Ryan Tannehill has been one of the hottest quarterbacks in football over the past month and a half. You’ve heard all the stats by now, first in passer rating, first in yards per attempt, and in their last three games, the Titans lead the NFL in points per game (with a little help from some special teams and defensive touchdowns).
Insane numbers department: @ryantannehill1 has averaged 10.5 yards per attempt (622 yards/59 attempts) since week 10 -- best of 32 qualified NFL QBs; League Avg: 6.9. #Titans pic.twitter.com/hcdzbTJwY9— Paul Kuharsky (@PaulKuharskyNFL) December 4, 2019
Shortly after the Titans announced that Ryan Tannehill would start at quarterback in Week 7, Ian Rapoport detailed the incentives in his contract.
We know of course that the Dolphins will pay $5M of the $6.75M guaranteed/$7M base salary. The one-year contract could be worth up to $12M+ if Tannehill hits every incentive, and it would be the Titans who pay that additional $5M.
$250K roster bonus if he’s active for 13 or more games.
Tannehill will hit this incentive when he’s active for the Week 14 game against the Raiders.
$100K bonus for being named a starter or reserve for the Pro Bowl.
Based on the love the media has recently shown him, I think Tannehill actually has a great shot at making the Pro Bowl roster, likely earning himself another $100K.
$250K for a passer rating of 92.8 with a minimum of 224 attempts. This can become $500K with a 94.0 rating, $750K with a 95.0 rating and $1M with a rating of better than 96.0.
Tannehill’s current passer rating on the season is 113.9. It would take a string of terrible performances for his passer rating to fall below the 96.0 threshold required for him to make another $1M. He does have a minimum pass attempts number to reach, which he’s currently on pace to pass by 11 attempts. It might be close.
$500K with 2,250 passing yards. This escalates to $750K with 2,750 passing yards and becomes $1M if he eclipses 3,000.
This one will be tricky. If you project his 6-game average out to the rest of the season, he’d finish with 2,430 yards. That would give him another $500K. If Henry is running really well, he might not hit 2,250. If the Titans fall behind or find themselves in some shoot-outs, it’s not impossible for him to average 287 yards per game over the final four and hit the $750K bonus.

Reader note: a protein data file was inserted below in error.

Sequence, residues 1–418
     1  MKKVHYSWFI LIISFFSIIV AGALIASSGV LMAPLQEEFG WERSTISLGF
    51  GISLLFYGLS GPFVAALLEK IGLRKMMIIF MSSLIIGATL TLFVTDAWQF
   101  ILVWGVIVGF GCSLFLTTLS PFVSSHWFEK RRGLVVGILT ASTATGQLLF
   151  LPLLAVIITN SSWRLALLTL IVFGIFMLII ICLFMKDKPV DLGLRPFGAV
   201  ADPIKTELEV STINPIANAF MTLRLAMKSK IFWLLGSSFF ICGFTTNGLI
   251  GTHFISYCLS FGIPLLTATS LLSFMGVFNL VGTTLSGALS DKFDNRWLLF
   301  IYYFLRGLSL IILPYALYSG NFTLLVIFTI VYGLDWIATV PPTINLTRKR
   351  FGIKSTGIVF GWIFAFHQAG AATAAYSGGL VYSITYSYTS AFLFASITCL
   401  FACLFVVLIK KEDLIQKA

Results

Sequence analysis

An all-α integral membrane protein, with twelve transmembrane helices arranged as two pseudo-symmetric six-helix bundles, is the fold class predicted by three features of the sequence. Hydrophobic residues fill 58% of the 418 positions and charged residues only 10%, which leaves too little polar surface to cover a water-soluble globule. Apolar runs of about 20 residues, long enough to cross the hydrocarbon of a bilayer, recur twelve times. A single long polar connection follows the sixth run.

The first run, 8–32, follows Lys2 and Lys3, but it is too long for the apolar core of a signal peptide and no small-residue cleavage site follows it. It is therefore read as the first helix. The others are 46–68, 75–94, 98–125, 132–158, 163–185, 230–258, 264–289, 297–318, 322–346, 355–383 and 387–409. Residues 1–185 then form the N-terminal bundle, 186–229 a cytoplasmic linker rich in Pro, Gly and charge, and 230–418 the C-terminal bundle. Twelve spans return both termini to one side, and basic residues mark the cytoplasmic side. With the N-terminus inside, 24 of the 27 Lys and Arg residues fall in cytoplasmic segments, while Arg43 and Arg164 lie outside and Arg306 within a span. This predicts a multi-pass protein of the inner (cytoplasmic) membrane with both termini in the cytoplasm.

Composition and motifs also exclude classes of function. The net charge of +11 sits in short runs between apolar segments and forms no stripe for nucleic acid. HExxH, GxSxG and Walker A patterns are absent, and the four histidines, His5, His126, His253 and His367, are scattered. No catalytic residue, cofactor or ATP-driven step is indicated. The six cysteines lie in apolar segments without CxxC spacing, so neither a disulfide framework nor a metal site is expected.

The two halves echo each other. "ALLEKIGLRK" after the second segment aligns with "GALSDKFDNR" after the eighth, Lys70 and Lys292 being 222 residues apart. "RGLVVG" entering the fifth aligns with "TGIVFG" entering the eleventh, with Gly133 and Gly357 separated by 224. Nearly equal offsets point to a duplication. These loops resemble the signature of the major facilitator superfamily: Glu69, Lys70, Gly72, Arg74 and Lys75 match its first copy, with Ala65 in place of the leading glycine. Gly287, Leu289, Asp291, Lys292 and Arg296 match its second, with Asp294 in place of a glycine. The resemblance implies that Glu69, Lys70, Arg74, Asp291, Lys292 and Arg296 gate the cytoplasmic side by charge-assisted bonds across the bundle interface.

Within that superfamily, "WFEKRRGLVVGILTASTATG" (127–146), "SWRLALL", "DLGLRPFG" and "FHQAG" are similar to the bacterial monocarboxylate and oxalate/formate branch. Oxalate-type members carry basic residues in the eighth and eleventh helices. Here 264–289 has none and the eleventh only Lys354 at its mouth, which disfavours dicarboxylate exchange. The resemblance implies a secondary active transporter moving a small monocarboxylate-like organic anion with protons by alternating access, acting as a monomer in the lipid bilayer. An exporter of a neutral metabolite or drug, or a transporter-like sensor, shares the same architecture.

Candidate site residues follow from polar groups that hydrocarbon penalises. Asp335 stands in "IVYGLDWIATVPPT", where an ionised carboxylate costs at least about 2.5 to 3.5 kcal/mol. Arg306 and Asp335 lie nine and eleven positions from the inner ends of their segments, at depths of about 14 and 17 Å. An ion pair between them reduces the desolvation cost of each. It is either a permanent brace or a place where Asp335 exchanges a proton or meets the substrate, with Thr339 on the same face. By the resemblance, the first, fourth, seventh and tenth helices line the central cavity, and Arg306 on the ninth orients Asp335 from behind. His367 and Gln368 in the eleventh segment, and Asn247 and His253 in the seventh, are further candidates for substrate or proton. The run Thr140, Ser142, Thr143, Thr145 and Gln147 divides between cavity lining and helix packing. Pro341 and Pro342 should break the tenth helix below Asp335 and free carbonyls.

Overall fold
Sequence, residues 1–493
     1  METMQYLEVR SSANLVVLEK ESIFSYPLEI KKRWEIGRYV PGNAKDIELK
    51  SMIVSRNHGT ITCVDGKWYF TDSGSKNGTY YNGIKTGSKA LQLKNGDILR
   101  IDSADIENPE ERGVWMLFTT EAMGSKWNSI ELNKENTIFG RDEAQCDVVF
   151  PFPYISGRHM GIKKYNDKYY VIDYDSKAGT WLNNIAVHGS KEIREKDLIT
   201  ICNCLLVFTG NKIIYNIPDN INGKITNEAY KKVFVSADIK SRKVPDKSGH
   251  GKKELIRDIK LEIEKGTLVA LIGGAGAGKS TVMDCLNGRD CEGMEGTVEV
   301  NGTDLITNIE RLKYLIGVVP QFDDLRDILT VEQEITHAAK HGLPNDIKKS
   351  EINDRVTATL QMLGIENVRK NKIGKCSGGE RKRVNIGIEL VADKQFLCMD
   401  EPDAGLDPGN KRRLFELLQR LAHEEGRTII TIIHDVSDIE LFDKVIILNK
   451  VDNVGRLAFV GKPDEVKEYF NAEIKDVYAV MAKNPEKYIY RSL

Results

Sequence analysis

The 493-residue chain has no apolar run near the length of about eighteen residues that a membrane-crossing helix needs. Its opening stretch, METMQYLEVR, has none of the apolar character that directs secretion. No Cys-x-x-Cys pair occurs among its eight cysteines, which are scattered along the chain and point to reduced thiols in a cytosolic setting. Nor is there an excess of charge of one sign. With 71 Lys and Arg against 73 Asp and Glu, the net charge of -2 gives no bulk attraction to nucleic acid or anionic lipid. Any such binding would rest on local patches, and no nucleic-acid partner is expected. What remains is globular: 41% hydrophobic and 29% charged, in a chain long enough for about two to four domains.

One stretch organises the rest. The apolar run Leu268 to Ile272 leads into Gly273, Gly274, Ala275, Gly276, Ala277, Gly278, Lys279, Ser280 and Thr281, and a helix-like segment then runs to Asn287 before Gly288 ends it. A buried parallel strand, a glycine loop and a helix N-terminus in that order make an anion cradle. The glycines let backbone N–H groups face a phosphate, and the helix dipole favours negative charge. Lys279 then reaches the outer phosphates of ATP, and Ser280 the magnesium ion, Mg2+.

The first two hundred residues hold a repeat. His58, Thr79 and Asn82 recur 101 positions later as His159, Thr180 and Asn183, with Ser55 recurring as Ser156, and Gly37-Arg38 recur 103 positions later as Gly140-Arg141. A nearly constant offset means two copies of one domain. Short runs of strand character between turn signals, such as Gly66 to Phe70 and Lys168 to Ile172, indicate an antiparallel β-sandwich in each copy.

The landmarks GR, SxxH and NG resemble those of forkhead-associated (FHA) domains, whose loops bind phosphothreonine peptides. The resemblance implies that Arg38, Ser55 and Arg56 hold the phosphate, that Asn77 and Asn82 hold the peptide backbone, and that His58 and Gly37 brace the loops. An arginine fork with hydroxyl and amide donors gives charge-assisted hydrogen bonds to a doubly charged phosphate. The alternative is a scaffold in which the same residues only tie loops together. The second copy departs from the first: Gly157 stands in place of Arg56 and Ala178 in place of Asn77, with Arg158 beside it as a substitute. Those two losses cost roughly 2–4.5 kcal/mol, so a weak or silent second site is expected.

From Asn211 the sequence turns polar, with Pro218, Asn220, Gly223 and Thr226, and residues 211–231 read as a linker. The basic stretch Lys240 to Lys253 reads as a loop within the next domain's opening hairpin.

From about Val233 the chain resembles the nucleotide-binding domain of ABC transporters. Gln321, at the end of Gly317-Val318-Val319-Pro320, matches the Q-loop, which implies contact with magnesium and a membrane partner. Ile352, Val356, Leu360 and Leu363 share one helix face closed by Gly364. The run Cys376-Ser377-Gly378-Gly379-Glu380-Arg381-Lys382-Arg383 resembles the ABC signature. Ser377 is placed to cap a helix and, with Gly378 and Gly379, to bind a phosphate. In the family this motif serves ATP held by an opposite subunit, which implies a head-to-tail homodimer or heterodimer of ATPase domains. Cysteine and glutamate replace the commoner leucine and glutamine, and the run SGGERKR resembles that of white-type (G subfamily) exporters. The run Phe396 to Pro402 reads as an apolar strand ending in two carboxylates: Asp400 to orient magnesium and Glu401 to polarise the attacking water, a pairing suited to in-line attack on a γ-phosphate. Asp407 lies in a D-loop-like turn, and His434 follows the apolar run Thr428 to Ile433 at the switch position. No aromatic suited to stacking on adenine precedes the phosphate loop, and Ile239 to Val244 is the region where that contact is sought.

$250K with 18 passing TDs, but that becomes $500K with 20 TD passes, $750K with 23 passing TDs, and $1M with 25 passing TDs.
Tannehill has thrown 2 touchdown passes in 3 straight games. He currently has 12 passing touchdowns on the season, which means he needs to average 1.5 passing touchdowns per game over the last 4 to hit the low-end of this incentive. 2 touchdowns per game will give him $500K, and he’ll need 2.75 per game to hit $750K. If he somehow can average 3.25, he’ll hit $1M.
$100K for each game during the season that he plays more than 50 percent of snaps (up to $1.8 million total awards) provided his team achieves statistical improvements in categories such as touchdowns, total offense, net yards, sacks allowed, etc compared to the 2016 season. He can also earn this with individual improvements in categories such as TDs, completion percentage, etc.
There is a very interesting detail in this in this one: “compared to the 2016 season.” Not an improvement over the current season, but over the 2016 performance.
In 2016, the Titans averaged 358 yards per game on offense and scored 23.8 points per game.
Tannehill’s Titans (since week 7) are averaging 369 yards per game and 29.7 points per game. If you subtract the non-offensive touchdowns, the average is 27.3 points per game, still well above the 23.8 average from 2016.
So, barring some offensive setbacks, Tannehill is on track to earn another $1M with this incentive.
$25K per game that the team wins and he participates more than 50 percent, with the maximum award being $400K.
Tannehill is 5-1; that’s $125K with the possibility for up to $100K more with 4 games left.
In total, Tannehill has already earned $975K in incentives with the roster bonus, statistical improvements, and wins. With everything else, he’s likely going to net out somewhere between $1.15M and $2.1M beyond that (assuming he hits the attempts threshold for passer rating).
So the Titans will likely lose $3M that would’ve rolled over to next year’s salary cap, but in fact they will get back about $2M in cap space that was allocated for Tannehill’s incentive possibilities that he won’t reach. Hopefully he hits every incentive though because that likely means the Titans go 4-0 over the final month of the season.
I find all this contract incentive stuff pretty fascinating, particularly the comparison to the Titans 2016 season.
James and I discussed these incentives and more on our latest podcast, which you can check out in the feed below between this article and the comments.